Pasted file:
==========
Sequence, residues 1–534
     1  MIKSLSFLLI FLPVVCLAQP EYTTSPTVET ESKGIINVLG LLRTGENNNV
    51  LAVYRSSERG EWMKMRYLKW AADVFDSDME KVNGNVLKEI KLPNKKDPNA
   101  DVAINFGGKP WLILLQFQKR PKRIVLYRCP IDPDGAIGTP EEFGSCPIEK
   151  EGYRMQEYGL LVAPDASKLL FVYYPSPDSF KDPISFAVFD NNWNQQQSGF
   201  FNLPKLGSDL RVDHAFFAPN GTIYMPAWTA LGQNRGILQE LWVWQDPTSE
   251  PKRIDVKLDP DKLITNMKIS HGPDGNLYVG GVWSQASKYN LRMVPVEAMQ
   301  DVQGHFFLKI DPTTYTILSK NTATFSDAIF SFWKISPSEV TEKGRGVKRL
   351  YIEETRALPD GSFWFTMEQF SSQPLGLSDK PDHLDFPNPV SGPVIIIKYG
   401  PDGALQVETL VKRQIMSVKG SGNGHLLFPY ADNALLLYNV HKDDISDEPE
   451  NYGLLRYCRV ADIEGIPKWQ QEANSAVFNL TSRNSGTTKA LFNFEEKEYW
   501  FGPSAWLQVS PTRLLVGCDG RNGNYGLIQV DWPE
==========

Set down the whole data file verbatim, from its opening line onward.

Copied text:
Sequence, residues 1–534
     1  MIKSLSFLLI FLPVVCLAQP EYTTSPTVET ESKGIINVLG LLRTGENNNV
    51  LAVYRSSERG EWMKMRYLKW AADVFDSDME KVNGNVLKEI KLPNKKDPNA
   101  DVAINFGGKP WLILLQFQKR PKRIVLYRCP IDPDGAIGTP EEFGSCPIEK
   151  EGYRMQEYGL LVAPDASKLL FVYYPSPDSF KDPISFAVFD NNWNQQQSGF
   201  FNLPKLGSDL RVDHAFFAPN GTIYMPAWTA LGQNRGILQE LWVWQDPTSE
   251  PKRIDVKLDP DKLITNMKIS HGPDGNLYVG GVWSQASKYN LRMVPVEAMQ
   301  DVQGHFFLKI DPTTYTILSK NTATFSDAIF SFWKISPSEV TEKGRGVKRL
   351  YIEETRALPD GSFWFTMEQF SSQPLGLSDK PDHLDFPNPV SGPVIIIKYG
   401  PDGALQVETL VKRQIMSVKG SGNGHLLFPY ADNALLLYNV HKDDISDEPE
   451  NYGLLRYCRV ADIEGIPKWQ QEANSAVFNL TSRNSGTTKA LFNFEEKEYW
   501  FGPSAWLQVS PTRLLVGCDG RNGNYGLIQV DWPE